Vivi, my new local chef friend, suggested we meet up again on Saturday morning for a look at one of the city’s newer markets, the Feria Verde de Aranjuez, an organic food market that’s held every, well, Saturday morning.
It’s held on the grounds of a local sports park in the zone of Aranjuez. Originally it started out a couple of years ago as a sort of home-farmer’s market – things that people grew themselves at home and sold to each other and local foodies. It’s grown, and now includes a section devoted to things other than food, like clothing and art, as well as strip of booths that operate as little open air restaurants and coffee bars. The groundrule seems to be that everything has to be either grown organically and/or be handmade by the people selling it. There are a couple of home cheesemakers, jams and jellies, herbal tonics, and all sorts of other stuff. The second picture there is a pile of fresh turmeric root, I don’t think I’ve ever seen it fresh before, it’s always been dried, and either in little bricks that are hard to grind, or in powder.
We did, of course, need to fortify ourselves, and the little arepa stand seemed a good spot – I went for a white corn arepa filled with an egg. It comes with a sort of mayo based hot sauce, which the woman running the stand stood near to me, and as I ate, she’d spoon on a little bit more, so that the sauce would continue all the way through.
Vivi and boyfriend completed their food purchases for the market and were headed back home, they very kindly dropped me back by the Teatro Nacional, which I mentioned the other day I wanted to return to and see inside. It’s pretty spectacular. There was a kids’ orchestra practicing on the stage, but they were letting folk in to wander around.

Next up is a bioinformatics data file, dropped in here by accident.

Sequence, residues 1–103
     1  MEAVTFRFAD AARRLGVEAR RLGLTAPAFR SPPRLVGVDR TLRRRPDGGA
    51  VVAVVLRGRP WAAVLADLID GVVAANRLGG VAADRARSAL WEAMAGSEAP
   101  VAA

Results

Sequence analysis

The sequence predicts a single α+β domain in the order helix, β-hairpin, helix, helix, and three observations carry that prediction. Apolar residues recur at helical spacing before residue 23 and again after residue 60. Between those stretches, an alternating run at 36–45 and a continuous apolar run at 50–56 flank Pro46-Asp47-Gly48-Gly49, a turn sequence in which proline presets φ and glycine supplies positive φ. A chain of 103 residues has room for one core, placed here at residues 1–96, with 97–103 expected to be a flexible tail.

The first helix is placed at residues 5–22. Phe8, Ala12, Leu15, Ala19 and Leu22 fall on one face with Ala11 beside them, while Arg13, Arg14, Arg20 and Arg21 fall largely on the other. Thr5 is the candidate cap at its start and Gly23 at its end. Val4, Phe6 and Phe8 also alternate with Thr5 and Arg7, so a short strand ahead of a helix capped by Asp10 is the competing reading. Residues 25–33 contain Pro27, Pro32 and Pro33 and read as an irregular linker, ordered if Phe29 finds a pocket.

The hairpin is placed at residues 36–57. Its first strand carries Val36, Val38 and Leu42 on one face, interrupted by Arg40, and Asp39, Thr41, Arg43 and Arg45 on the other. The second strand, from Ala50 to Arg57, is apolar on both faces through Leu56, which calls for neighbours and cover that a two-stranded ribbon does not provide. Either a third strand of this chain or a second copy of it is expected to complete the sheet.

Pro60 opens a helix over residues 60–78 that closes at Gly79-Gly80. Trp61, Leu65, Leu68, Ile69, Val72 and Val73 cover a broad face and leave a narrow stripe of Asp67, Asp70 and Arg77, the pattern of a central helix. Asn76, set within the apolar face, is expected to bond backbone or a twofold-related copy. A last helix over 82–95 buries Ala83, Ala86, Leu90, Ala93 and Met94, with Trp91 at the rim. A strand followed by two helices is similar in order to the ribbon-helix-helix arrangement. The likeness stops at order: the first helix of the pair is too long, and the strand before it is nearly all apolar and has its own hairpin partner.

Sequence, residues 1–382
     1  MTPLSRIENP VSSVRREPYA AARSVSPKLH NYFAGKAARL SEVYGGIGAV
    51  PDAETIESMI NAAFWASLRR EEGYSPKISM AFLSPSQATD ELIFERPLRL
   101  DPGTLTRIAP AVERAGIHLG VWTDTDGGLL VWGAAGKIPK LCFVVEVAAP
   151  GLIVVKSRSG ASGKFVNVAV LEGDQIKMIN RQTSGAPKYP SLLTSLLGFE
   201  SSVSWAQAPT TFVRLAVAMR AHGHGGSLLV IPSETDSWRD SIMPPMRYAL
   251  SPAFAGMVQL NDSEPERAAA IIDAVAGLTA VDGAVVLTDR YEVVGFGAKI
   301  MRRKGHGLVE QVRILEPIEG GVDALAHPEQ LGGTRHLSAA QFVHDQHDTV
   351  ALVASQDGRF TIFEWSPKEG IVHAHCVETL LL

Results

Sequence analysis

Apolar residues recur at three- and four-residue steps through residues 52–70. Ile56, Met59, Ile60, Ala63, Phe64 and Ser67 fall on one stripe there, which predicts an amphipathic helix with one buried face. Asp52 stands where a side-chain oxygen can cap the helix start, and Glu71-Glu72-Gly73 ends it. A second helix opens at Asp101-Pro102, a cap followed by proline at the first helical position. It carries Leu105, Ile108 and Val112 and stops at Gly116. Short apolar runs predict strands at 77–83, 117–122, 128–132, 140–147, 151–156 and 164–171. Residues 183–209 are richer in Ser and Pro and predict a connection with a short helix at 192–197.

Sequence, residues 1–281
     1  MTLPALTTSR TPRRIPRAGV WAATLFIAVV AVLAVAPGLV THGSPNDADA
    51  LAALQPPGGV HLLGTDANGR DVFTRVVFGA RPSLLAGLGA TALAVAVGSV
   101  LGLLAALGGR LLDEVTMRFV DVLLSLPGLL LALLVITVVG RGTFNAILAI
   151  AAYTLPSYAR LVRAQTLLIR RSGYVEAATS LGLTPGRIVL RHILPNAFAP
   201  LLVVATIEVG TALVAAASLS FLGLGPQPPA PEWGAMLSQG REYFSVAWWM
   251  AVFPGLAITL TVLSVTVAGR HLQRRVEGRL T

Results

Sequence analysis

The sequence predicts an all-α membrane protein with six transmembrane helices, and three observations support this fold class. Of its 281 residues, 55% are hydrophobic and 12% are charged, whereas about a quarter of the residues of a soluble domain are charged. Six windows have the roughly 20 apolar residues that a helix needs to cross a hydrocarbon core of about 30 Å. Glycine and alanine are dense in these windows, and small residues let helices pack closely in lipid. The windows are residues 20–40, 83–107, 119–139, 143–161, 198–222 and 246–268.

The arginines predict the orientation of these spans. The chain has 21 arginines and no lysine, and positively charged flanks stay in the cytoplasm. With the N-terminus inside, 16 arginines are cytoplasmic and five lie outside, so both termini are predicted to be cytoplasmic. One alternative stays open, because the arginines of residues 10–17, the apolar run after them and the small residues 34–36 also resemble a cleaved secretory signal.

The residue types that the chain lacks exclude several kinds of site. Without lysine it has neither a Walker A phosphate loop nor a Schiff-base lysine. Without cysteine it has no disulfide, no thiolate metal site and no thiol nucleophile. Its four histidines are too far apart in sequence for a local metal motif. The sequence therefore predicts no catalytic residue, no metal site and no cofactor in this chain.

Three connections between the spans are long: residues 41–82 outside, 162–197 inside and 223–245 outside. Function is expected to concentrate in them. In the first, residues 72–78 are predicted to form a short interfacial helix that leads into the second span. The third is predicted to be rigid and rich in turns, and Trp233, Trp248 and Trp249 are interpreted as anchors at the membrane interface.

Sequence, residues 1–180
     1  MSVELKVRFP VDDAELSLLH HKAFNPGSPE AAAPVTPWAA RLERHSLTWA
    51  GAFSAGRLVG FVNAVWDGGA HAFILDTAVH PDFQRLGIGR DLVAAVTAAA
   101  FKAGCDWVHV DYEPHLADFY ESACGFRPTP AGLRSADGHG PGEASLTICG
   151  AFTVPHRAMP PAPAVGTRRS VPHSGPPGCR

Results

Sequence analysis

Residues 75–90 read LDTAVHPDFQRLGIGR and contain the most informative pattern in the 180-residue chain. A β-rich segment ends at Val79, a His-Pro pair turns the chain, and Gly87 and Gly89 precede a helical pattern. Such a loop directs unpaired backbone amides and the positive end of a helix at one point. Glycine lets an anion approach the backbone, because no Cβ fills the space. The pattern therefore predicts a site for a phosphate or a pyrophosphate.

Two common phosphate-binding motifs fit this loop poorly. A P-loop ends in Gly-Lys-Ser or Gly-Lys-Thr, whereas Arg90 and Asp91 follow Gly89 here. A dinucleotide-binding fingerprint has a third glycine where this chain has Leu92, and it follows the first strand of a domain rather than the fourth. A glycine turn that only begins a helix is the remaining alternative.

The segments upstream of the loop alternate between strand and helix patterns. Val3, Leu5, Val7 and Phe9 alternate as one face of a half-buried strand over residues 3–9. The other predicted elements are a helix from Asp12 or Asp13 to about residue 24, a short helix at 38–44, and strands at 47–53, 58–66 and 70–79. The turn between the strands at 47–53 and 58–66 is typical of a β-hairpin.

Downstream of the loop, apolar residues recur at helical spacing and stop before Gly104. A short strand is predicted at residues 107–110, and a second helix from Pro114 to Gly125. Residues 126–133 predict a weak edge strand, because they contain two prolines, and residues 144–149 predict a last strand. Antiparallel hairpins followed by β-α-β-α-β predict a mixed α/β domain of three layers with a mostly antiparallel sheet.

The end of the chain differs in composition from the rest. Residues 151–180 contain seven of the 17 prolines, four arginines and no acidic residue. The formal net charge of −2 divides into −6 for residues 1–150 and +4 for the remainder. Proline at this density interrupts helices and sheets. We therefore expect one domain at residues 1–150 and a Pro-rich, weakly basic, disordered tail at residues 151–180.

I then headed over the Museo Nacional, the national history museum. Entering it from the Plaza de Democracia, the first thing one does is pass through a butterfly garden. They do love their butterflies here. I spent a half hour wandering the garden and snapping photos, then on to the rest of the building, which was originally a fortress.
The building itself isn’t much to look at, it’s just a bit concrete blob with one corner turret remaining, but it does have a nice courtyard and a view out over the city. Inside, mostly it’s just nicely curated exhibits to the anthropology of the native population and the historical events during and since colonization. Perhaps the most notable thing about the building is that it is the site on which the government abolished Costa Rica’s military back on December 1, 1948 (though it didn’t go into effect until the next year).
A short wander in the area led me to Plaza Morazon and the Edificio Metalico – yes, that second building is an all steel structure, these days used as a school. It was originally, strangely given the structure, a place where drovers, or oxherders, spent the night when in town – it seems a rather fancy looking place for that, and then afterwards was the home of the national liquors factory.
It was not to be a big food day – I have my limits. But a couple of days earlier, when I’d explored what there was of “barrio chino”, I’d stumbled across this little restaurant hidden behind the neighborhood church, called Ramen Fusion. And in theory, they were kind of a modern day foodie’s wet dream – offering up gourmet ramen and pizza – I mean, what else do you really need after those? My dining out life would be so much easier if I’d just be one of those sorts who devotes their life to trying every version of one particular thing, like the guy who set out to try every pizza in New York City and created a website around it. But, I like my variety. Still, I do like a good pizza, and I do like good ramen, and I’d tucked it in the back of my mind, and found myself in the mood for pizza – a little online research revealed that this place has some pretty strong proponents, particularly of their house specialty pizza, the Luna Roja, or Red Moon.
The pizzas come in three sizes. All they’ll say about the “luna roja sauce” is that it’s a house secret. The pizza is made what I think of as “Detroit style”, except round – the cheese is baked right onto the crust, then it’s topped with sauce and any other toppings afterwards. This is one seriously good pizza, and it really is the sauce that makes it (not that the crust or cheese were slouches) – if I were to guess, it’s a slightly blended sauce of charred tomatoes, onions, garlic, and chilies. The smokiness of the charred vegetables is what truly works – there may be some more stuff in there, but it’s my guess and I’m sticking to it.